We return today to the time of the exile in Babylon. It is, in some ways, the most impressive story in the history of the Jewish People. As we have seen in so many readings during the year, the leaders of the Jews were deported to Babylon from 597 to 587 BC. After the Assyrians defeated the Babylonians in 537 BC, the Jews were invited to return to Jerusalem to become the Assyrian colonial administration. Last week we read from Isaiah who wrote at the beginning of this return, today we read from Ezekiel who was among the very first to go into exile in 597 BC. As with Isaiah, he has much to teach us that is relevant to our time.

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25th Sunday in Ordinary Time – Being God’s Presence Every Day

Parable of the Workers in the Vineyard, Johann Christian Brandt, 1769, Akademie der bildenden Künste, Vienna

Fr. Smith’s Commentary on the First Reading
25th Sunday in Ordinary Time
Isaiah 55:6-9
September 20, 2020

Since Easter we have been examining the Second Readings for Sunday Mass: starting with the First Letter of Peter and then Paul’s Letter to the Romans. We return this week to the First Reading for Mass, which as usual, will be from the First Testament: today Isaiah 55:6-9. For a better understanding however we will need to begin with 55:1.

The church uses Isaiah many times during the year. Grasping Jesus’ mission is impossible without an appreciation of the message of Isaiah. It might be better to say messages because as we have seen so many times before there were three people who used the name Isaiah and although they shared much in common, we can discern differences in emphasis and indeed development. Today is certainly one of those times. Continue reading “25th Sunday in Ordinary Time – Being God’s Presence Every Day”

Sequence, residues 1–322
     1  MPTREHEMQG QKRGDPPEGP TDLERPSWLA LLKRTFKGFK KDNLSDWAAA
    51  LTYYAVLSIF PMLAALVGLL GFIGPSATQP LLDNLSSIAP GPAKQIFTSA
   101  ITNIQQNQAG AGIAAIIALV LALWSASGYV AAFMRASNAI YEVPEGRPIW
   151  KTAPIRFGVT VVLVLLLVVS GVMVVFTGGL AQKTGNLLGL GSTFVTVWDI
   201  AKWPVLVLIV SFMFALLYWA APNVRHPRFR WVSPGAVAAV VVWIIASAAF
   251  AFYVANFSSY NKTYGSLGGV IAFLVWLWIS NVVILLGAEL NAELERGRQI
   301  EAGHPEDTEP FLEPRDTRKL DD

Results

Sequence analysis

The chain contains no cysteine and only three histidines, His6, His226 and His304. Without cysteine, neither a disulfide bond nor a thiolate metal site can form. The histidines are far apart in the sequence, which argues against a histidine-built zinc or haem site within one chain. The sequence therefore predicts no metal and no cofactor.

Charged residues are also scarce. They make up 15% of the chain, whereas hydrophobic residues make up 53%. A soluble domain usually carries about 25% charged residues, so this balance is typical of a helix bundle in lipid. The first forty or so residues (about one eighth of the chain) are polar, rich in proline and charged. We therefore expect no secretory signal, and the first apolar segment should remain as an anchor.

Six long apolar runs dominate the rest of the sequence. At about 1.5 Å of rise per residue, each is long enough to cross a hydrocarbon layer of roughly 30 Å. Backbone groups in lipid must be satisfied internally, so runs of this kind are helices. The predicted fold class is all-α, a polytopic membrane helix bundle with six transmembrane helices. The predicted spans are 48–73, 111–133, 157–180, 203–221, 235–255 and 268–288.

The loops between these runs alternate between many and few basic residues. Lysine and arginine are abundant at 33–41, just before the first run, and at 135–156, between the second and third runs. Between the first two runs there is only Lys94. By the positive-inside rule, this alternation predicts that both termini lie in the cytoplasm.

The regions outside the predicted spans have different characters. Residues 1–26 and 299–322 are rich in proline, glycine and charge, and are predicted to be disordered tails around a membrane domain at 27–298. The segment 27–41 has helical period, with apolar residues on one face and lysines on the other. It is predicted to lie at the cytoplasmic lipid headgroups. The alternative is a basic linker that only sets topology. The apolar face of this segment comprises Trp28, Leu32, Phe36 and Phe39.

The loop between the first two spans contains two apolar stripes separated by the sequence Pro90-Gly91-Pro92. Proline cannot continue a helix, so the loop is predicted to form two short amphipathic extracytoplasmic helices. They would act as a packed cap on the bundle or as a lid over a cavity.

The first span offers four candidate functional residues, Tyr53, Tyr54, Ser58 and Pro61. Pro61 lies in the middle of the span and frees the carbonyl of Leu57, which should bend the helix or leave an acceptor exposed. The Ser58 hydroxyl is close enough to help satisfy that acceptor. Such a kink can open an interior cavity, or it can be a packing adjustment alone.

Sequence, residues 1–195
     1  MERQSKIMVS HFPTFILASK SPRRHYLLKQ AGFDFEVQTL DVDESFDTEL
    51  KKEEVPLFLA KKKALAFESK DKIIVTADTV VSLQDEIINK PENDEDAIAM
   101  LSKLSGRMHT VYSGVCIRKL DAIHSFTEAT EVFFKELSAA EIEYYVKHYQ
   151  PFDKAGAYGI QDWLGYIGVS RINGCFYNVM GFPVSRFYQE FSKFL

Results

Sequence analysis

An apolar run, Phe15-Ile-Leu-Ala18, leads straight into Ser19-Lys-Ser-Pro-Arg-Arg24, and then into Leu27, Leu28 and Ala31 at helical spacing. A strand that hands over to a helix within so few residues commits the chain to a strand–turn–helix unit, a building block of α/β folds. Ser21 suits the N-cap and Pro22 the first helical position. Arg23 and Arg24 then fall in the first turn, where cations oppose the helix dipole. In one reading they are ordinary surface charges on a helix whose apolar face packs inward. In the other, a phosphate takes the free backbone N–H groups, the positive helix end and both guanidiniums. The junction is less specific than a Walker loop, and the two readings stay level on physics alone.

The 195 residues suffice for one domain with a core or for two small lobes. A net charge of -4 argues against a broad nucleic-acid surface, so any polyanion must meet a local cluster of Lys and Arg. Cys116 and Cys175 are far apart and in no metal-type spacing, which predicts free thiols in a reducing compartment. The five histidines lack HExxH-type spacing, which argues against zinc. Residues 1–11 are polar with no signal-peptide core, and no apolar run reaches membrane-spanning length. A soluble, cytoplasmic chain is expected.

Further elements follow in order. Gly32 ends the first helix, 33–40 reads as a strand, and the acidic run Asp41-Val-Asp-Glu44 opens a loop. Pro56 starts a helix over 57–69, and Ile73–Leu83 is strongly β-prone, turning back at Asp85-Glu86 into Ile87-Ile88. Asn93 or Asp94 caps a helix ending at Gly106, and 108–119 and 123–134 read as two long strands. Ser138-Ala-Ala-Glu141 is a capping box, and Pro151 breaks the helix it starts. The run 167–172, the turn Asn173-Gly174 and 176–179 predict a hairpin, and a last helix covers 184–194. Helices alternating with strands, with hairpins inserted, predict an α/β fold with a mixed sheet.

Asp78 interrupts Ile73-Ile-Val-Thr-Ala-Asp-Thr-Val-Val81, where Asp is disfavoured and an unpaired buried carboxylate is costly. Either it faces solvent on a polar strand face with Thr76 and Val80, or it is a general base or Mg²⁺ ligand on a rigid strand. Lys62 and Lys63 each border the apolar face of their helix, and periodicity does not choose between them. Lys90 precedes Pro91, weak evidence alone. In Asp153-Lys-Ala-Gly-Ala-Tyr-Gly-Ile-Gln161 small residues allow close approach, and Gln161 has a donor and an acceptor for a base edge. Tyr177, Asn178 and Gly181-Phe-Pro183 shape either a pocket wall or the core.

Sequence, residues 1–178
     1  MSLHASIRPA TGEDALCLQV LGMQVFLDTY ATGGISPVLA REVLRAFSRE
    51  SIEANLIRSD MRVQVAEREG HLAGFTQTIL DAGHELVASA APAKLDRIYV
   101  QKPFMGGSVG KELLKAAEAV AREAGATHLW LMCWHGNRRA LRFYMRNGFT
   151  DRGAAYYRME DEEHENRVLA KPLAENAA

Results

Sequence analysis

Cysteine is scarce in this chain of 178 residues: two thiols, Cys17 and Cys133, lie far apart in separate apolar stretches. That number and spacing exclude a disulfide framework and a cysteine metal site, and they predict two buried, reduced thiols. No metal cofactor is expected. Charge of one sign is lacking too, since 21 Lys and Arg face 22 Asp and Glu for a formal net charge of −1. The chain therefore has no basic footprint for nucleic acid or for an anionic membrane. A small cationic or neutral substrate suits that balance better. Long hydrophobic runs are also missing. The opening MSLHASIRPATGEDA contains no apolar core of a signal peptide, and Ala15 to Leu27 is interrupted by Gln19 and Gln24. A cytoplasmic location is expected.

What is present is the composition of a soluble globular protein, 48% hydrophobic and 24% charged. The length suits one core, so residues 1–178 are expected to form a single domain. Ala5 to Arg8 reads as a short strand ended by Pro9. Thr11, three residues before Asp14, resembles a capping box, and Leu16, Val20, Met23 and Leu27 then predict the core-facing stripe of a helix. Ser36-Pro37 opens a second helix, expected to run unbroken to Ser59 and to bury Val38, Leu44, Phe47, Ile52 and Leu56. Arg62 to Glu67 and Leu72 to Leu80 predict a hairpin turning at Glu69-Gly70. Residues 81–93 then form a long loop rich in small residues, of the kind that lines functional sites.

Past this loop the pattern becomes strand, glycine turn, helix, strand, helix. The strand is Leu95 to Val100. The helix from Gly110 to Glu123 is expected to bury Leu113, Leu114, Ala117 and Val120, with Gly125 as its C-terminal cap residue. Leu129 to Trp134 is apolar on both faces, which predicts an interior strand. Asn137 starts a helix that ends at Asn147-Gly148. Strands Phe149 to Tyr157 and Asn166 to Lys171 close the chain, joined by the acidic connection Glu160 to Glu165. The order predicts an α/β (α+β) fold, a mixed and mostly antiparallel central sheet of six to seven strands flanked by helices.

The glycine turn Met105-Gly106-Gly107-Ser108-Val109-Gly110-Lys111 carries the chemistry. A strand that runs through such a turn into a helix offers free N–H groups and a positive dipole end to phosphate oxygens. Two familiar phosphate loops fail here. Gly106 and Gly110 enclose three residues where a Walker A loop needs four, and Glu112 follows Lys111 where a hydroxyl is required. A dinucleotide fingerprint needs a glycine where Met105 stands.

24th Sunday in Ordinary Time – Bringing Truth from the Head to the Heart

Parable of the Unforgiving Servant, Claude Vignon, 1629, Musée des Beaux-Arts de Tours

Fr. Smith’s Commentary on the Second Reading
Twenty-Fourth Sunday in Ordinary Time
Romans 14:7-8
September 13, 2020

Paul has given the Romans many important insights into the meaning of Christ and his church. We must however keep in mind that he is as much interested in giving the Romans an insight into himself. He wants their help in several enterprises and his reputation is justifiably complicated. He has proved that he is neither a lawless person nor one seeking to eliminate Judaism. Indeed, he has shown both those born Jews and those born Gentiles that he has their best interest at heart. The Christians of Rome at very least know that their view of the new life offered by Jesus has been immeasurably deepened. Yet, there may be some suspicion about how Paul will behave when he gets to Rome. Will he become involved in their daily church life and what will that mean? They have reason to be concerned.

Although the Acts of the Apostles will not be written for several decades the incidents that it relates will have been known. The Romans would probably have known that Paul and Peter had a major disagreement in Antioch and that the Church was very much disturbed indeed divided by it. This was so serious that it required a council of the leaders in Jerusalem to address it. We find a description of this in Acts 15 but more interestingly Paul’s version in Gal 2 especially 2:11-15. The matter remains unclear, but Peter seems to have been trying to create harmony and that his was disturbed by Paul.

The Roman church was hard to hide and had already experienced persecution. They did not want to expose themselves again to this kind of conflict. Paul today is telling them how he would approach their situation. Continue reading “24th Sunday in Ordinary Time – Bringing Truth from the Head to the Heart”